With social housing being hit elsewhere in the Review, the proposed reduction of housing benefit payments to 90 per cent for those on jobseekers allowance for over a year will have significant impact for single worker or workless households especially in high rent areas such as London and the South East. These families will also be affected by the reduction in Council Tax Benefit of 10 per cent across local authorities by 2013-14. Councils will be given flexibility to manage spending on council tax but “the precise flexibilities . . . are yet to be determined”. So although the CSR document says that those in need will be protected, individual councils will chose to do this in different ways. And with local authority grants slashed by 26 per cent by 2014, substantial council tax increases look likely.

The source of the biggest uncertainty though is the new “single, simple” Universal Credit benefit that will replace all the current working age benefits over the next two parliamentary sessions. An indication of how this benefit may affect households might be seen from the cap on total household benefit that the chancellor announced yesterday of an estimated £500 a week for couples and lone parents and £350 per week for single people. This is taken from the median earnings after tax for working households. Press stories around families receiving £95,000 in benefits abound as alleged justification, but they all seem to be about one family. This measure will again hit middle income families who have recently become unemployed and have high mortgage payments on their existing house still to make. Although the limit on eligible mortgage capital has been increased to £200,000, CSR figures say this will only benefit 14,000 people.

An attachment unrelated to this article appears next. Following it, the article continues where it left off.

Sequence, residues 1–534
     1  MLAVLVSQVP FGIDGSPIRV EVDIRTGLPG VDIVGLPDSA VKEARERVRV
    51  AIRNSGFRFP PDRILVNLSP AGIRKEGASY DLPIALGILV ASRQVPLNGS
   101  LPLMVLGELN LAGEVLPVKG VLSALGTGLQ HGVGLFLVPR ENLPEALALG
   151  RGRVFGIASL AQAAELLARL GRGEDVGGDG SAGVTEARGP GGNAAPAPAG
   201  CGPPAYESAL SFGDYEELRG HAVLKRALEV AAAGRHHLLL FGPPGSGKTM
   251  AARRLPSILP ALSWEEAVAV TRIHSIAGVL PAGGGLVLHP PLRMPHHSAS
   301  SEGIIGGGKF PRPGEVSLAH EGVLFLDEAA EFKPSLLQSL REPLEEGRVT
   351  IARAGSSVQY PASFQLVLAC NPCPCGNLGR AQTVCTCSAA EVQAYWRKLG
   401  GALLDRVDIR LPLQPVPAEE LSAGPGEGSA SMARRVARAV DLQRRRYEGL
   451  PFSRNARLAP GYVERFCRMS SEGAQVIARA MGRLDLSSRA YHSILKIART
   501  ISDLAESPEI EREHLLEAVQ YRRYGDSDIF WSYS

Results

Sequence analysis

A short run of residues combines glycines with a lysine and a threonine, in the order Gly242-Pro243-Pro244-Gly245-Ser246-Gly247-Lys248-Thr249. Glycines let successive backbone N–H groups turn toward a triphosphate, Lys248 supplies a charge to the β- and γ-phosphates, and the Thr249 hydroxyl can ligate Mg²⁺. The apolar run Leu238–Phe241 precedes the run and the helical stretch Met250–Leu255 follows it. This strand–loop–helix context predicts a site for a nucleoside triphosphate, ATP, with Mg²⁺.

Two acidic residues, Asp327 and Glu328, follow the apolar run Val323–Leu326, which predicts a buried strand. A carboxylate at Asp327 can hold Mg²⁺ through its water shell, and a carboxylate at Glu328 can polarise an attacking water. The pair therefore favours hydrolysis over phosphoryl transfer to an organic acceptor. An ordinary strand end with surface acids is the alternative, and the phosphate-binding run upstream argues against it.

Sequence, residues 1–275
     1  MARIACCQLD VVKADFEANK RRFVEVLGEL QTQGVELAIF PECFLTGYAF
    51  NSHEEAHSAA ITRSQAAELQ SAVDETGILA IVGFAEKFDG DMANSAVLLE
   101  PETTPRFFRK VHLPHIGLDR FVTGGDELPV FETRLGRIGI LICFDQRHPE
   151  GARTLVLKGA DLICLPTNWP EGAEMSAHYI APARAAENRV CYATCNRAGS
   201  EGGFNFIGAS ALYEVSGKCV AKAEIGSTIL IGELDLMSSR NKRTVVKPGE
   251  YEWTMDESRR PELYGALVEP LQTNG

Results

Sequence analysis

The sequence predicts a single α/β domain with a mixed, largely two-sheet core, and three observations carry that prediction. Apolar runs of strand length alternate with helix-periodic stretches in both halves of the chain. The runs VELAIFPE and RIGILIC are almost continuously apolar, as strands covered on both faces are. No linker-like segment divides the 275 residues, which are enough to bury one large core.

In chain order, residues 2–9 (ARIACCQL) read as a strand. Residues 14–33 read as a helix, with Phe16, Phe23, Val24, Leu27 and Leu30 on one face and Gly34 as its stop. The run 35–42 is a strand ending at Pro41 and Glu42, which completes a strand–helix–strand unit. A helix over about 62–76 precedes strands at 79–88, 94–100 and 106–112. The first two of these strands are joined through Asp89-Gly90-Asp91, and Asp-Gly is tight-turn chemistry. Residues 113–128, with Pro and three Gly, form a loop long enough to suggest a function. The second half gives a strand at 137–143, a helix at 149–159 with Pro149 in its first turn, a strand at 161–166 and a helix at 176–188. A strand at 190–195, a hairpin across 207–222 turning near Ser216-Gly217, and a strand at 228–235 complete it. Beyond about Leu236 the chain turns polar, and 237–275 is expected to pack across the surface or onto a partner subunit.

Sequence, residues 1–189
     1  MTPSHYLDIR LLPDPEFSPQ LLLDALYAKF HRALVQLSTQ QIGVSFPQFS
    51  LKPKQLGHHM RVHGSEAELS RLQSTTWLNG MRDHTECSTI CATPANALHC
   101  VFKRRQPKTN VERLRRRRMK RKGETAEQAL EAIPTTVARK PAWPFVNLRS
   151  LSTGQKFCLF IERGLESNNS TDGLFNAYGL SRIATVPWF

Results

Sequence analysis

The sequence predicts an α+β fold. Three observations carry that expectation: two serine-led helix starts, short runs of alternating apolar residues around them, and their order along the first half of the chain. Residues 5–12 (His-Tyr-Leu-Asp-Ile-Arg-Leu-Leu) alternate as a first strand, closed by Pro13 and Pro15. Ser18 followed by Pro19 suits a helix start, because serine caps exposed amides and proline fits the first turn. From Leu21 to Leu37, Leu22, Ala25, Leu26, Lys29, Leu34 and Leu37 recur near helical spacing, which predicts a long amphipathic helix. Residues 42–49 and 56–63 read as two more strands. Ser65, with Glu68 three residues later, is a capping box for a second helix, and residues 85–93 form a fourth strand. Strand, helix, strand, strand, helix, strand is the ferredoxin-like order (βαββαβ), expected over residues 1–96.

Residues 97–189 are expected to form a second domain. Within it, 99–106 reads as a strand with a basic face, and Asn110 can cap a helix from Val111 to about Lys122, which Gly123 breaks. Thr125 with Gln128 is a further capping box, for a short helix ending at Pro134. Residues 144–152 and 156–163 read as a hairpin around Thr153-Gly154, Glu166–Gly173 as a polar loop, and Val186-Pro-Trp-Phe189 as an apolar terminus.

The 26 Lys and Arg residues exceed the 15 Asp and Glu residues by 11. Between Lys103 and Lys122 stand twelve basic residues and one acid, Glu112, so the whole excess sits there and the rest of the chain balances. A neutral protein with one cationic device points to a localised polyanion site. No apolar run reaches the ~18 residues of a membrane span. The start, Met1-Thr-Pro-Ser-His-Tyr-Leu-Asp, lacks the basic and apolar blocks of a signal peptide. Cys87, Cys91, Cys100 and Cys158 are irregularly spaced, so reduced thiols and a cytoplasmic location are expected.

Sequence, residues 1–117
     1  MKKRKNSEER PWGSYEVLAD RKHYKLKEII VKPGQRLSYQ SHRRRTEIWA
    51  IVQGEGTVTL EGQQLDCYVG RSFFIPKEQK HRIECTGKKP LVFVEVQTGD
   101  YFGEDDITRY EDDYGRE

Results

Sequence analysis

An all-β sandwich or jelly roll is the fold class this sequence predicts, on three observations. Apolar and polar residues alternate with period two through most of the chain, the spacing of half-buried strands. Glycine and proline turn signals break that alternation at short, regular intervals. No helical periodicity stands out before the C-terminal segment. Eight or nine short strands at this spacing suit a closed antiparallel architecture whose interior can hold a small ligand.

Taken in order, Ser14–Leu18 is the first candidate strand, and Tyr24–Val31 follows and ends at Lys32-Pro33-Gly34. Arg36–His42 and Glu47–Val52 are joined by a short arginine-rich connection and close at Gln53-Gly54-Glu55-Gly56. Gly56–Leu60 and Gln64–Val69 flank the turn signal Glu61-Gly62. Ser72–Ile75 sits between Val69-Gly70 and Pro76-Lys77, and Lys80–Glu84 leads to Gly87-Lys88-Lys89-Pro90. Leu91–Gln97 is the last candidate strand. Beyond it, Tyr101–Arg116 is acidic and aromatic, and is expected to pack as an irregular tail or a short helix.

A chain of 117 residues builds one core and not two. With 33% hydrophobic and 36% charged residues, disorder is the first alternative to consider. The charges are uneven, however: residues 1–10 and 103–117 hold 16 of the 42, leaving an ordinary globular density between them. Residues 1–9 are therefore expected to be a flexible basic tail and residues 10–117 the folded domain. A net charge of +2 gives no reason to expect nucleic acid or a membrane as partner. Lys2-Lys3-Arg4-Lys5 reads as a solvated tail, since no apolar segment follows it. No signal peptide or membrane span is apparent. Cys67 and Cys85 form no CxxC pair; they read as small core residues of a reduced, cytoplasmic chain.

Iain Duncan Smith has negotiated £2 billion to be used to set up this new benefit. However, ministers always tend to under-estimate the costs of reorganizations on which they have set their heart. (For instance, elsewhere on this blog we have explored Andrew Lansley’s NHS reorganization proposals, costed at £1.7 billion officially, but at £3.5 billion by outside experts.) In the past, DWP reorganisations have involved significant spending on IT. The department has a history of ‘big bang’ implementations that have never worked quite as smoothly as planned. They are therefore left with legacy systems dating back to the 1980s still being at the core of IT provision in 2010 and over 150 additional systems sitting perilously on top. With savings of 27 per cent required from moving services online over the next four years, this complex technology picture could eat up much of Mr Duncan Smith’s fund. It could also carry further damaging implications for service levels of DWP customers.

Many people in the public sector (at least half a million) will be losing their jobs because of these cuts. And many more jobs will go in the private sector from people working on government contracts and or public sector suppliers. For most of those affected, the safety net of social security benefits will not be as safe or as comprehensive as in the past. The multiple effects of benefit changes are difficult to model by those outside government, without access to a mass of data. We may have to wait for some time before the human consequences of these measures become clear. However, it is already clear that these effects will be adverse, deeply felt and far reaching.

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To access the Government Spending Review source documents and key commentaries, see the clickable list here.

Cuts logo is courtesy of Eric Tastad and the Creative Commons.